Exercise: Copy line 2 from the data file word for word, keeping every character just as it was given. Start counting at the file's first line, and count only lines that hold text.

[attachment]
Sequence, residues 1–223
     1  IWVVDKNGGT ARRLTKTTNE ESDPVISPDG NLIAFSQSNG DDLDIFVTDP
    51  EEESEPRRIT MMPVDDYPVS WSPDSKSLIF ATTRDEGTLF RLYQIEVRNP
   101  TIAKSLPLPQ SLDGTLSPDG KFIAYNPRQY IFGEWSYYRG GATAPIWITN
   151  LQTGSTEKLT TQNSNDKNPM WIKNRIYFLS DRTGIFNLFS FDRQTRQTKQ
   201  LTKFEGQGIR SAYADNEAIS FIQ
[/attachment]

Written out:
     1  IWVVDKNGGT ARRLTKTTNE ESDPVISPDG NLIAFSQSNG DDLDIFVTDP